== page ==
Making sacrifices: Teachers risking their safety to teach during COVID-19
photo illustration: Emma Clute
Many aspects of life changed when COVID-19 began to spread. Among the many, students and teachers were left wondering about their education and jobs. As the new school year crept around the corner, everyone was left scrambling for answers and ways to return safely.
Many teachers were apprehensive about returning to school, especially after being out for so long.
“I wasn't surprised we were returning on a hybrid schedule, but definitely a bit nervous. We haven't been around that many people in months, so it was overwhelming to think about having students again,” English teacher Elizabeth Stringer said.
However, while the plan of returning was overwhelming for some teachers, many were also ready to begin teaching again.
“I was relieved that I would get to see most of my students in one way or another. I was especially glad to be able to interact with my freshmen who need more time to become acclimated to the high school and the expectations that come with it,” Spanish teacher Alexandra Tony said.
Going months without a normal amount of human interaction, especially after being a teacher and seeing hundreds of children on a daily basis, made finding a way to fill that time productively is essential.
“While in quarantine, I ran, walked my dog and did anything that let me be outside,” Stringer said.
Many teachers had assumed virtual learning would continue this year, so they were stressed changing their whole learning style.
“In the beginning, I was swamped trying to figure out the best method to distribute work virtually to students,” Tony said. “Once I got into a routine, in my free time I began trying to propagate and grow succulents since I'm usually a plant-killer. Being out in nature is very therapeutic for me. My husband and I are outdoor people, so we were able to spend our free time on regular hikes and camping.”
Among the many sacrifices that teachers have had to make, their lifestyles had to change for their own safety and their families.
“We are definitely a bit more secluded. Even before I went to school, we weren't going to restaurants or gathering in crowds, but we did spend time with friends and family. We have decreased how often we see people outside of our household quite a bit,” said Stringer
“Since we still aren't sure how long the virus can last on surfaces, I try to be overly cautious. I wash the clothes I wear to school every day and make sure to shower before touching other surfaces in my home,” Tony said. “I consider my car 'contaminated', so if my husband and I have to go somewhere, we take his car. If I visit my parents, grandparents or other relatives, I make sure we are outdoors and at a distance since I don't want to put them at risk.”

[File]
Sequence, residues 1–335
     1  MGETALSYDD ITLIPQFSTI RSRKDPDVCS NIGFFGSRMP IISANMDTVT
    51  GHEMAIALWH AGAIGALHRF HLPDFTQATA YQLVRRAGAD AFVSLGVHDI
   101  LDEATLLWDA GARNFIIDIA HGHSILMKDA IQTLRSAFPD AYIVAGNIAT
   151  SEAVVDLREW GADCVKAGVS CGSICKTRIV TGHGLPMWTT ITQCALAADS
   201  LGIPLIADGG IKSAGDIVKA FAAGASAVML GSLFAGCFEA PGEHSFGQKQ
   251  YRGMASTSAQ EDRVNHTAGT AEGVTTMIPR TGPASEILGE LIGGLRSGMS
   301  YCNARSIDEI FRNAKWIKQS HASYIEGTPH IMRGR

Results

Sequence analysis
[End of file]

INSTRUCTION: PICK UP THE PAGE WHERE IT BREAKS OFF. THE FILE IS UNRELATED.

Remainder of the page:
Luckily, Olentangy Schools have done the best they can to accommodate the requests of teachers.
“I greatly appreciated the fact they took the time to survey the parents and the staff members to see what was important to them when returning. I was most concerned about air circulation, so the fact they installed special filters in the air ducts made me feel more comfortable. Giving us masks, face shields, glasses and the plastic dividers coupled with the cleaning materials does make me feel a lot better about teaching in person,” Tony said.
While Olentangy is trying their best to accommodate teachers, students also need to do their part in making sure their teachers feel safe and comfortable as they are trying to continue students’ education.
“Students have been really good at wearing their masks the right way, so I’m thankful for that. Coughing and sneezing into the arm instead of to the side is something I think would help, since I worry about the students sitting nearby. Otherwise, my biggest request is to wash your hands after using the restroom and before eating food,” Tony said.
“Following protocol is a small part of it,” Stringer said. “The bigger thing for me is when students talk to me, ask me questions and help me feel more normal. Some of my classes are so quiet this year, that it is easy to feel like the Hybrid schedule isn't working. But when I have classes that are engaged and excited, it makes it feel worth it.”
To be a teacher this year, is a brave and honorary title. To put their students' education before some of their safety is a difficult task to ask. Teachers like Stringer, Tony and so many more deserve a heartfelt thank you for all they’ve done to continue students’ education and basic way of life.